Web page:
Libertarian chair swears in Jeff Hewitt as Riverside County supervisor

Jeff Hewitt being sworn in as Riverside County supervisor by Libertarian National Committee Chair Nicholas Sarwark on Jan. 8, 2019.

On Jan. 8, Jeff Hewitt was sworn in to his new seat on the Riverside County Board of Supervisors in California, a ceremonial beginning to his term of office conducted by Libertarian National Committee Chair Nicholas Sarwark. After being sworn in, Hewitt joined the board in conducting its business of the day addressing land use decisions.

“I’ve had the honor of serving with Jeff Hewitt,” Sarwark said of his Libertarian National Committee colleague. “He’s brought a vision of how people can work together even if they don’t agree … and you can sit down and build coalitions to work together to solve the problems we have as a party.”

Hewitt has been applying Libertarian solutions to public policy for years in his role as mayor of Calimesa, as well as in his earlier positions on the city council and planning commission. Now he’ll have the chance to show on a much larger scale just how effective Libertarian ideas are. Riverside County has a population of nearly 2.5 million people, which is larger than the populations of 15 different states.

Jeff Hewitt being sworn in as Riverside County supervisor by Libertarian National Committee Chair Nicholas Sarwark on Jan. 8, 2019.

Decisions made by the Board of Supervisors will have far-reaching consequences, and Hewitt will now have one of the board’s five votes — as well as plenty of opportunities to sway other supervisors toward sensible policy outcomes.

“I will guarantee you I’ll always give you 100 percent, and I guarantee you I’ll always give you the truth from the way I see it,” Hewitt said. “And I’ll work that way with my colleagues.”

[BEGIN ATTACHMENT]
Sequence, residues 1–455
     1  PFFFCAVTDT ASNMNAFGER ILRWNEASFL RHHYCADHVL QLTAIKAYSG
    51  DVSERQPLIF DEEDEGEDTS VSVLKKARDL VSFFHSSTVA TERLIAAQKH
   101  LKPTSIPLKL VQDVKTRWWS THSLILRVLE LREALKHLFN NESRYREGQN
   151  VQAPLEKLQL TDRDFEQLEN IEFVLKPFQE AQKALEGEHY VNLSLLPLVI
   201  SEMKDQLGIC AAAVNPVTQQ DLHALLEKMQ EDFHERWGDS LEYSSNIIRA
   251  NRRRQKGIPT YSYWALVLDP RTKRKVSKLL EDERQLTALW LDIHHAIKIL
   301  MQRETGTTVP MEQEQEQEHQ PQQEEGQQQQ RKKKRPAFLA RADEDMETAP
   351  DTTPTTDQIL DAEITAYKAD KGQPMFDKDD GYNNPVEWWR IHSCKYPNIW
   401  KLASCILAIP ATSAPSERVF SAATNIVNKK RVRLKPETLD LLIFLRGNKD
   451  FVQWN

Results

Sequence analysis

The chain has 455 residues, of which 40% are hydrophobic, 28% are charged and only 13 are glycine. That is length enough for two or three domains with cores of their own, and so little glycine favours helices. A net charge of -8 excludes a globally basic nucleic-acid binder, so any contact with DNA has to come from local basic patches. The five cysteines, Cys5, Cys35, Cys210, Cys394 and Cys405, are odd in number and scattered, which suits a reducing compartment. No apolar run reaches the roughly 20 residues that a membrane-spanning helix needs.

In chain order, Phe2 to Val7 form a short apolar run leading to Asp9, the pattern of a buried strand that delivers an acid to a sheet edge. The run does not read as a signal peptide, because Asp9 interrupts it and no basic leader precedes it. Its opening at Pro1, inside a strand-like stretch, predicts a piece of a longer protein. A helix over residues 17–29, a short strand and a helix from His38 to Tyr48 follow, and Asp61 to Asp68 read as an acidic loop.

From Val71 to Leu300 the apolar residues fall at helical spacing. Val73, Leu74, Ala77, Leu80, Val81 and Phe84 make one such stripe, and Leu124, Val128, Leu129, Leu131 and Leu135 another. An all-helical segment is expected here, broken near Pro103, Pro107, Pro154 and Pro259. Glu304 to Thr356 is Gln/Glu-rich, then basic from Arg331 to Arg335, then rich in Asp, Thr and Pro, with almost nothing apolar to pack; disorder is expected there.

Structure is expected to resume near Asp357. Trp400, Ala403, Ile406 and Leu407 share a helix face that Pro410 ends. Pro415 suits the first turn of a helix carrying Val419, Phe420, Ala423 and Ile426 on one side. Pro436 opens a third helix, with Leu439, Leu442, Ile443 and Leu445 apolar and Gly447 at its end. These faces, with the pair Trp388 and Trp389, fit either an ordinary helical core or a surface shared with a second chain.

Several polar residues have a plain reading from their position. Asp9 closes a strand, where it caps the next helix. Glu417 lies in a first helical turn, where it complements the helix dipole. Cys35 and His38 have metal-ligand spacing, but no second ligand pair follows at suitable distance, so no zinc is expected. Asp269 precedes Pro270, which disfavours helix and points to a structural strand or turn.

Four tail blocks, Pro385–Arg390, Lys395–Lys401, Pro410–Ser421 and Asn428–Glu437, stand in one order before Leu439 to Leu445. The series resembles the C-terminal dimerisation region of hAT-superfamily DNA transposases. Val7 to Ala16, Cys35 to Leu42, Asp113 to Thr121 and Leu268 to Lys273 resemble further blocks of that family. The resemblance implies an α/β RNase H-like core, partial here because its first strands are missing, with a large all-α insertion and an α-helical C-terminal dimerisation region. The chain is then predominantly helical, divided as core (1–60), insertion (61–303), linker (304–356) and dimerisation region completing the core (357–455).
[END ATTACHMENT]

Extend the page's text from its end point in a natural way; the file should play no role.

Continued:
As mayor of Calimesa, Hewitt successfully ended the city’s CalFire contract, which had saddled the city with bankruptcy-inducing pension obligations. Hewitt instituted a city fire department that costs less and provides more protection, replacing the firefighters’ unaffordable defined-benefit pensions with 401(k) funds, which are common in the private sector. This change also eliminated two layers of administrative costs at the county and state levels.

“There’s not a single government that doesn’t see that we’ve made pension obligations, we’ve made budgetary obligations that are not sustainable,” Sarwark said. “Everybody knows the problem, but Jeff is one of maybe a handful of people around the country who’s set aside biases, set aside people’s disposition to oppose, and brought people together to actually do something about the problem, to put his government on a path that’s sustainable, to make the hard choices, to bring people together.”

Hewitt campaigned on doing for Riverside County what he had done for Calimesa. He was able to win despite massive spending by government employee unions, and earned endorsements from the Howard Jarvis Taxpayers Association and largest local newspaper the Press-Enterprise.

“Hewitt is not just a talker,” the Press-Enterprise endorsement said. “He gets things done. One of his most notable successes as mayor of Calimesa was working to get his city out from under Cal Fire/Riverside County Fire Department, saving the citizens money without compromising public safety. He’ll bring that same approach to Riverside County. Recognizing the folly in contracting with a high-cost consulting firm to find efficiencies in county government, Hewitt suggests working with department heads and county staff to do so instead. It’s a common-sense perspective the board could desperately use.”

Hewitt’s victory in California demonstrates that dedicated public service and strategic campaigning can bring Libertarian ideas into action — an inspiration that can be replicated throughout the country.

Libertarian perspectives on public policy issues are crucial to reducing the size, power, and purview of government at every level. After the United States entered its third week of the partial federal government shutdown, thanks to an impasse on funding for President Donald Trump’s destructive pet project of building a border wall, Trump addressed the nation on Jan. 8 by claiming that immigration constitutes a national emergency.

But President Trump is trying to manufacture a national crisis where there is none. He’s doing this for his own political reasons: to stay in power.

That love of power is accompanied by a callous disregard for the countless lives that destructive policies can ruin. Only by following Riverside County’s example — by electing fiscally responsible and socially accepting Libertarian Party leaders like Jeff Hewitt — can we stem the tide of government overreach and allow people to live their lives freely.

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